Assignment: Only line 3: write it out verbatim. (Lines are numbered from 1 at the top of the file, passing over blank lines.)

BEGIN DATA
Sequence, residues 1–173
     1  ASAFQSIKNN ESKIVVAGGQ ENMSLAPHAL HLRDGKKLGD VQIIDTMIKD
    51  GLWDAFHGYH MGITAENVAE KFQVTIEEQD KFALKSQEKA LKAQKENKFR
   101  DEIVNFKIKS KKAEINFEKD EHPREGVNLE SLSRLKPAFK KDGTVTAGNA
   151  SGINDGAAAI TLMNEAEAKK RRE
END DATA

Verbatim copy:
    51  GLWDAFHGYH MGITAENVAE KFQVTIEEQD KFALKSQEKA LKAQKENKFR